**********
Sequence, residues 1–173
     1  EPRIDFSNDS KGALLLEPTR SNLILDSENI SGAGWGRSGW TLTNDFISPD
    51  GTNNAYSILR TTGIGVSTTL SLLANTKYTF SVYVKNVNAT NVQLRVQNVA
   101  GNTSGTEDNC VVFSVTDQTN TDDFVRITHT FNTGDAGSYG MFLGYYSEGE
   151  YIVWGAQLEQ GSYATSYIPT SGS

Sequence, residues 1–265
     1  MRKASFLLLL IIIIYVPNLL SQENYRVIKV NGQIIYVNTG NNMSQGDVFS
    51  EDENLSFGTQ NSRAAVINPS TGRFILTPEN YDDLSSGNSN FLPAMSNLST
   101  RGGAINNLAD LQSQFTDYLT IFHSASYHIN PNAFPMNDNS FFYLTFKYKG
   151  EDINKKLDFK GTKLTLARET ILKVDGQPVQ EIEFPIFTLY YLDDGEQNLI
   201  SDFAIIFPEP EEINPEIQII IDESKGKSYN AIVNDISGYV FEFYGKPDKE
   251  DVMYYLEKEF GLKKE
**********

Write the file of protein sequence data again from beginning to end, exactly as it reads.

Sequence, residues 1–173
     1  EPRIDFSNDS KGALLLEPTR SNLILDSENI SGAGWGRSGW TLTNDFISPD
    51  GTNNAYSILR TTGIGVSTTL SLLANTKYTF SVYVKNVNAT NVQLRVQNVA
   101  GNTSGTEDNC VVFSVTDQTN TDDFVRITHT FNTGDAGSYG MFLGYYSEGE
   151  YIVWGAQLEQ GSYATSYIPT SGS

Sequence, residues 1–265
     1  MRKASFLLLL IIIIYVPNLL SQENYRVIKV NGQIIYVNTG NNMSQGDVFS
    51  EDENLSFGTQ NSRAAVINPS TGRFILTPEN YDDLSSGNSN FLPAMSNLST
   101  RGGAINNLAD LQSQFTDYLT IFHSASYHIN PNAFPMNDNS FFYLTFKYKG
   151  EDINKKLDFK GTKLTLARET ILKVDGQPVQ EIEFPIFTLY YLDDGEQNLI
   201  SDFAIIFPEP EEINPEIQII IDESKGKSYN AIVNDISGYV FEFYGKPDKE
   251  DVMYYLEKEF GLKKE